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Universities in New Mexico, Oklahoma respond to ransomware attacks | #ransomware | #cybercrime


Cybercriminals forced class cancellations, limited access to critical staff systems and exposed the sensitive information of thousands of students at a university in New Mexico, and a school in Oklahoma continued to assess damage caused by a ransomware gang. 

New Mexico Highlands University (NMHU) said it was forced to cancel all classes through this weekend after initially reporting an incident on April 3. Cancellations began that day and affected the public university’s campuses in Albuquerque, Rio Rancho, Santa Fe and Farmington.

NMHU initially said its campus police switchboard and police poles — where students can report emergencies — were not functioning. The school had to provide alternative phone numbers for emergencies.

The school said that by April 5, the cybersecurity firm it hired to deal with the network outage confirmed that it was a ransomware attack. Payroll for professors and staff were also affected by the incident. 

The school said it was told by incident responders that it is “one of several state entities recently attacked” but university spokesperson David Lepre told the Albuquerque Journal that they were not informed of what other New Mexico institutions were affected by recent attacks.

“We are still working to determine the full extent of the attack,” the school said. “To that end, ITS has begun installing software on university computers to assist with the investigation. This software is tightly restricted and monitors only for malicious activity.”

The FBI and several state law enforcement agencies are involved in the response, he added. 

On Tuesday, the school — which serves about 4,000 students — said phones on campus had been restored but internet and VPN connectivity were still down. NMHU has set up centers on campus to help employees with payroll and other actions that cannot be done without the school network.

The school was previously attacked by an unnamed ransomware gang in 2019, causing similar technology outages for almost two weeks. 

New Mexico institutions have faced a barrage of ransomware attacks in recent years, including multiple K-12 schools across the state, hospitals, and several counties — including one that has been attacked twice in the last two years. 

The attacks prompted Gov. Michelle Lujan Grisham to issue an executive order last week mandating comprehensive action to enhance cybersecurity measures across state agencies. The order directs the Department of Information Technology (DoIT) to conduct thorough information technology and security assessments on state agencies for vulnerabilities and hardening defenses as necessary. The order also “encourages all public bodies not subject to the order to voluntarily comply with its rules, standards, and requirements.”

“Cybersecurity is not just a technological issue; it’s a matter of public safety and national security,” Grisham said. 

New Mexico is also one of the few states to pass bills that provide funding for cybersecurity training and ransomware response tools.

BlackSuit ransomware attack in Oklahoma

East Central University in Ada, Oklahoma, announced this week that it is investigating a ransomware attack that took place in February.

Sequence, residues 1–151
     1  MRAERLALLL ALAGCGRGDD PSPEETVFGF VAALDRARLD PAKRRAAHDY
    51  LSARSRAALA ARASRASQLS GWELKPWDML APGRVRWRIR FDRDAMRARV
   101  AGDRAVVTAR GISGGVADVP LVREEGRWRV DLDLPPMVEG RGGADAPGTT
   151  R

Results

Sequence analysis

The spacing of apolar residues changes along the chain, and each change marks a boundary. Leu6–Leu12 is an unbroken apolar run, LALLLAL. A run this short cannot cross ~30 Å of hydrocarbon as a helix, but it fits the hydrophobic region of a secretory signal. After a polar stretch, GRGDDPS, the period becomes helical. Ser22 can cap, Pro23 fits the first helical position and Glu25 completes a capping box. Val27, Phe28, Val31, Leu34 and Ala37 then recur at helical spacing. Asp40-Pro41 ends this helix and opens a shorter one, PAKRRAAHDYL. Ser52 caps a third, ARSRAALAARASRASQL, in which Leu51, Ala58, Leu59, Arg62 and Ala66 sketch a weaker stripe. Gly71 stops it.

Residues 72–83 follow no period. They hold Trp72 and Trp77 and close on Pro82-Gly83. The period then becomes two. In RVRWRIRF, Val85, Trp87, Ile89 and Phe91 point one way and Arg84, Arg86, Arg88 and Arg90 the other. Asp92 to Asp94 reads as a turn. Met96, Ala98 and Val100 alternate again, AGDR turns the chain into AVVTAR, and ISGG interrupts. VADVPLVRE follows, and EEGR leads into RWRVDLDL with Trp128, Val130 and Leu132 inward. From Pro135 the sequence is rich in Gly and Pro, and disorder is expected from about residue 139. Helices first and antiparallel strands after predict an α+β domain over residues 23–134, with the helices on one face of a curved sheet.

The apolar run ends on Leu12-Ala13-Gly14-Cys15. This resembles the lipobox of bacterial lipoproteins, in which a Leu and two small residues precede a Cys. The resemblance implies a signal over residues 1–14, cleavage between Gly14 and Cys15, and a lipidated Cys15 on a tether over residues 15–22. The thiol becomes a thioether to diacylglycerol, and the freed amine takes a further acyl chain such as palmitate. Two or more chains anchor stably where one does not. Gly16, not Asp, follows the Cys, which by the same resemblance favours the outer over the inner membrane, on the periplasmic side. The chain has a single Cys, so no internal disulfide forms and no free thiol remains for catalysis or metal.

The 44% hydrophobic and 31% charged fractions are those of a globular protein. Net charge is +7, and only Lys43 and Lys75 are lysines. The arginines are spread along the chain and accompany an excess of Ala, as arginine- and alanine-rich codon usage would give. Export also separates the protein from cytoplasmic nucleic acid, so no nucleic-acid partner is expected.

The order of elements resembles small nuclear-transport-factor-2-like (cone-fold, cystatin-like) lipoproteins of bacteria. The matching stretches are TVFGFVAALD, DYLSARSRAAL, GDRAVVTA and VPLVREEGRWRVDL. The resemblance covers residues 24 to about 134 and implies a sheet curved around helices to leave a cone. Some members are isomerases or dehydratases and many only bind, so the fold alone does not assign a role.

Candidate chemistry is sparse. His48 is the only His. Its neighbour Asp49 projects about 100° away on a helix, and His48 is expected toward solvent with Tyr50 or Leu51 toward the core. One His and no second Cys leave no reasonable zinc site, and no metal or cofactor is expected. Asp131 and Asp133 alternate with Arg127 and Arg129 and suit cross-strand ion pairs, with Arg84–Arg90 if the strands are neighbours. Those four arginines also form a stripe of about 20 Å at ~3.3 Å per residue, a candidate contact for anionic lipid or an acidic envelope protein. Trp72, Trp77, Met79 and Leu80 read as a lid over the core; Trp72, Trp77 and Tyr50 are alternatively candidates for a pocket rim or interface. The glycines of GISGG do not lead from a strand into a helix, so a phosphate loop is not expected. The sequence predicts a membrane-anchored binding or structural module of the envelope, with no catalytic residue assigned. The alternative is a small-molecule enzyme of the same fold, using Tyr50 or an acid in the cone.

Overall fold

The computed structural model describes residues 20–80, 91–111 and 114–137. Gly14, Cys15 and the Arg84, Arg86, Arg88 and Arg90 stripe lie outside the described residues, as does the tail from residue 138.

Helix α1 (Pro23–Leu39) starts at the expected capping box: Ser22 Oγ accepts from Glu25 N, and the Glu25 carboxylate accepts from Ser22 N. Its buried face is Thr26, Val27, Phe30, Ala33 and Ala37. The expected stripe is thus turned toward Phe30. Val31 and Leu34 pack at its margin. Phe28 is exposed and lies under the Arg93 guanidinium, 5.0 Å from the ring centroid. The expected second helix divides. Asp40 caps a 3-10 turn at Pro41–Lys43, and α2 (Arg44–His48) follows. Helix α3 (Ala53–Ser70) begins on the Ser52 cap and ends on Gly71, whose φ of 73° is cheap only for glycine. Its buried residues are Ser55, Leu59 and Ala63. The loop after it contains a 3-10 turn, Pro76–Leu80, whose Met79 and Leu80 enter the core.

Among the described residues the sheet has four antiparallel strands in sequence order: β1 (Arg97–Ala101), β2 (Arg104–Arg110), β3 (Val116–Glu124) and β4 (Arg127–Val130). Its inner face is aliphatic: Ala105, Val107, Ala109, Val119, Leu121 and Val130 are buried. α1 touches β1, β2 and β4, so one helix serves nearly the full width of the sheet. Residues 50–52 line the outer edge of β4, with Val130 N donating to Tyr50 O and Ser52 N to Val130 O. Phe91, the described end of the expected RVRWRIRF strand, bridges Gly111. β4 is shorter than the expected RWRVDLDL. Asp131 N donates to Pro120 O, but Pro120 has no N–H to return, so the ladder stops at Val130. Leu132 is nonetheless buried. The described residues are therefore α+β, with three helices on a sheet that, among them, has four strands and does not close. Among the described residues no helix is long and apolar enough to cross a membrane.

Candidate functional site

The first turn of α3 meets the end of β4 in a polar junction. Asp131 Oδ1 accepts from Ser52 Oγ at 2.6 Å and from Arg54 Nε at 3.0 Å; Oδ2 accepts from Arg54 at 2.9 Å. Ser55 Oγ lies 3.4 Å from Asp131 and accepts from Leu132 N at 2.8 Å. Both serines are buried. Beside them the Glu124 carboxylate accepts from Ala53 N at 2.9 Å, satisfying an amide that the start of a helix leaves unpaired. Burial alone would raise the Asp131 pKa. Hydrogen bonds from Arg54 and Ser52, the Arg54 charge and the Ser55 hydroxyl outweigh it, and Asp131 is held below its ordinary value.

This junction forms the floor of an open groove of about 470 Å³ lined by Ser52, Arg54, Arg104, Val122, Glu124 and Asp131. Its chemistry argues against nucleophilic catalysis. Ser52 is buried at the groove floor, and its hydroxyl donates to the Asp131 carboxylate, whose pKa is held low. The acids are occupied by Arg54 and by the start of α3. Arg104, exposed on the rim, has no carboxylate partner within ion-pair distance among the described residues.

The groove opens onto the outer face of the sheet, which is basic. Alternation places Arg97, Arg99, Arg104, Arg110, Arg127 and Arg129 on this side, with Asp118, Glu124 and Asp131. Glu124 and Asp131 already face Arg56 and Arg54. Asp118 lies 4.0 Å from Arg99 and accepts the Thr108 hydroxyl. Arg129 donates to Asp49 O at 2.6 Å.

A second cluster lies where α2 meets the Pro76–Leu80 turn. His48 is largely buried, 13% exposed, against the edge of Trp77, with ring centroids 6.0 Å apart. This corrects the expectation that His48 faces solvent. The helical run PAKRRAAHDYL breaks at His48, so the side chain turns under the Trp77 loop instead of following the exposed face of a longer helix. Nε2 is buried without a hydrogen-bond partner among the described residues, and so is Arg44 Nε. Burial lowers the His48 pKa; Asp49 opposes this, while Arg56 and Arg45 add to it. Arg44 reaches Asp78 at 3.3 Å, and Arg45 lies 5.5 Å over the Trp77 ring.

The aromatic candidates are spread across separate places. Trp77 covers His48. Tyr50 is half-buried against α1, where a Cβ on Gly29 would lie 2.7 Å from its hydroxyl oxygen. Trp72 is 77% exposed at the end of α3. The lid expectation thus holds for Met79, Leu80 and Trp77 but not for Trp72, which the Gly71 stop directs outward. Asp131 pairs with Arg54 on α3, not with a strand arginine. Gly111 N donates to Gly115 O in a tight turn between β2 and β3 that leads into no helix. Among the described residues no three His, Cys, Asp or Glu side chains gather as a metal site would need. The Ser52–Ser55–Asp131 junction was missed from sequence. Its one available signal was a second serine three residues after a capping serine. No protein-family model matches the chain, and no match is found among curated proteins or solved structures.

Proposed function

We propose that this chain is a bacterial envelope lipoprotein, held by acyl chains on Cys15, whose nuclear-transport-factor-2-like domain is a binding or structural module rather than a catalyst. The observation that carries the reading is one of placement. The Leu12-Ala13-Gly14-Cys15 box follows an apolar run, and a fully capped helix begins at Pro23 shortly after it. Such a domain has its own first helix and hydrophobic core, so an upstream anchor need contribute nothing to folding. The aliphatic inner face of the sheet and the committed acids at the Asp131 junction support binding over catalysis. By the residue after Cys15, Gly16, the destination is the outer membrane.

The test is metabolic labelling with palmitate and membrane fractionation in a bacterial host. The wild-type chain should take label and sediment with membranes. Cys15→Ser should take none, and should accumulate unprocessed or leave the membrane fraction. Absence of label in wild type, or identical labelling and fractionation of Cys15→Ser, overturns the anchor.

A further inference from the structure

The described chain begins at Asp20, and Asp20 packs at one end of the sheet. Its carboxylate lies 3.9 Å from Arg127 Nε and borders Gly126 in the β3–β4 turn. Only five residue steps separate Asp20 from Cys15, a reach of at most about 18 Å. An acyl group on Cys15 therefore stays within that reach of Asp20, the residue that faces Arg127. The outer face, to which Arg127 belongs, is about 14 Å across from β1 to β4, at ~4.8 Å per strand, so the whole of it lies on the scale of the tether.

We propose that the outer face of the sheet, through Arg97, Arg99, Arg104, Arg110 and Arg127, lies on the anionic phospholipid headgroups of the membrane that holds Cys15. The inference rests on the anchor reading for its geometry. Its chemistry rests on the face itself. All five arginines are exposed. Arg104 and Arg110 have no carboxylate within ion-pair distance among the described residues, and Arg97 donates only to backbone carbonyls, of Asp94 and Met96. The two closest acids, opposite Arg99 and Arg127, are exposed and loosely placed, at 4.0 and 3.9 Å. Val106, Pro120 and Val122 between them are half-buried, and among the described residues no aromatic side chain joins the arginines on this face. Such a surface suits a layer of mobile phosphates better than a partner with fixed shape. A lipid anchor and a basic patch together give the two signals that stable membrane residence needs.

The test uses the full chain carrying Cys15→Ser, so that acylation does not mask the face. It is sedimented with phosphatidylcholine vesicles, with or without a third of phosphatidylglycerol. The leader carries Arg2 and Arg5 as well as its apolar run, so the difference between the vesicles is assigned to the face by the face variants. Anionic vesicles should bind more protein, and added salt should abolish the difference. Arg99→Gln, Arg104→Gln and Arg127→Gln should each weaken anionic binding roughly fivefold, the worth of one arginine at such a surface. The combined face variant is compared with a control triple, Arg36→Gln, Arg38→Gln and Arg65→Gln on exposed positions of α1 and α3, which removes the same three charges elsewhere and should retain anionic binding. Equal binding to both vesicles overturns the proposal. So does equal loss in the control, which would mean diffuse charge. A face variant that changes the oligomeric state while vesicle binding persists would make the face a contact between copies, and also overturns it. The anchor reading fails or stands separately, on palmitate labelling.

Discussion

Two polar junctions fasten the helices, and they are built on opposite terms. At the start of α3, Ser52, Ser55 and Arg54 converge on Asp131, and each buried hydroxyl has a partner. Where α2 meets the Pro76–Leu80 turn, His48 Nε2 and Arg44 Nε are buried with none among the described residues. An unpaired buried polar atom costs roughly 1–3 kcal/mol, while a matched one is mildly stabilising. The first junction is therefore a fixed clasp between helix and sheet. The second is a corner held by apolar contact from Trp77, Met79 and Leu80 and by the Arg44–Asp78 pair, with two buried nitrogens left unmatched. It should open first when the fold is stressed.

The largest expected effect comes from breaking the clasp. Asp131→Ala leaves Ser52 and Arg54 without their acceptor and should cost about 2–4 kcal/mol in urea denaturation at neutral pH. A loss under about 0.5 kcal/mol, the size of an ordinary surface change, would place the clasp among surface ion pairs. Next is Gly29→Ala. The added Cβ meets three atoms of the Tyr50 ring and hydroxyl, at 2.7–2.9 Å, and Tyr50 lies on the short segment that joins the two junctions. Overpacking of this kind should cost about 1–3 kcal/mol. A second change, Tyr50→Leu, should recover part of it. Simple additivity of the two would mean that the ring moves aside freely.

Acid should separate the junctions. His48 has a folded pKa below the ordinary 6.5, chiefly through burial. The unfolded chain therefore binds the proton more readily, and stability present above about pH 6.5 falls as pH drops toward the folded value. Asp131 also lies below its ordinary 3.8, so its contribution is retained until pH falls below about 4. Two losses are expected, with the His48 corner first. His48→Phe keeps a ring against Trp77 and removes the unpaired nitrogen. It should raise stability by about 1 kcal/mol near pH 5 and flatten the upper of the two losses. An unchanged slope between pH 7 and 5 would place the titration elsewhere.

The school released multiple advisories saying that while the attack was largely unsuccessful — taking down only a few campus computers — the hackers were still able to access significant amounts of student information including Social Security numbers. 

The advisories also explicitly mention that the school was attacked by the BlackSuit ransomware gang — a rebrand of the Royal ransomware group that launched the devastating attack on the city of Dallas.

“East Central University experienced a directed attack from a cybercriminal group and malicious software known as BlackSuit. While the criminals were not successful in taking down ECU’s critical services, they were able to conduct a successful attack on a variety of campus computers,” the school told students.

“The scope and scale of the data involved on the servers attacked are still being investigated, but currently there has been no evidence that any information was taken.  However, this week, we determined that a number of individual names and Social Security numbers may have been accessible to the criminal group – while we have no confirmation that they were in fact accessed, much less taken, we are providing this notice while we continue to investigate.”

The school’s IT team worked with a cybersecurity firm to stop the attack, reset passwords and answer any questions students and faculty may have.  

They still do not know how the ransomware gang got into the school’s systems but noted that they “did see an increase in spam/malicious emails in the days leading up to the attacks.”

Multiple ransomware experts said the number of attacks on universities, colleges and other post-secondary schools in the U.S. was slightly lower than it was at this point last year.

Emsisoft threat analyst Brett Callow said his team had tracked 14 attacks on U.S. colleges and universities so far this year while Recorded Future ransomware expert Allan Liska said his data also showed a minor dip in the number of attacks targeting post-secondary schools this year. 

Emsisoft tracked at least 72 U.S.-based post-secondary schools impacted by ransomware in 2023.

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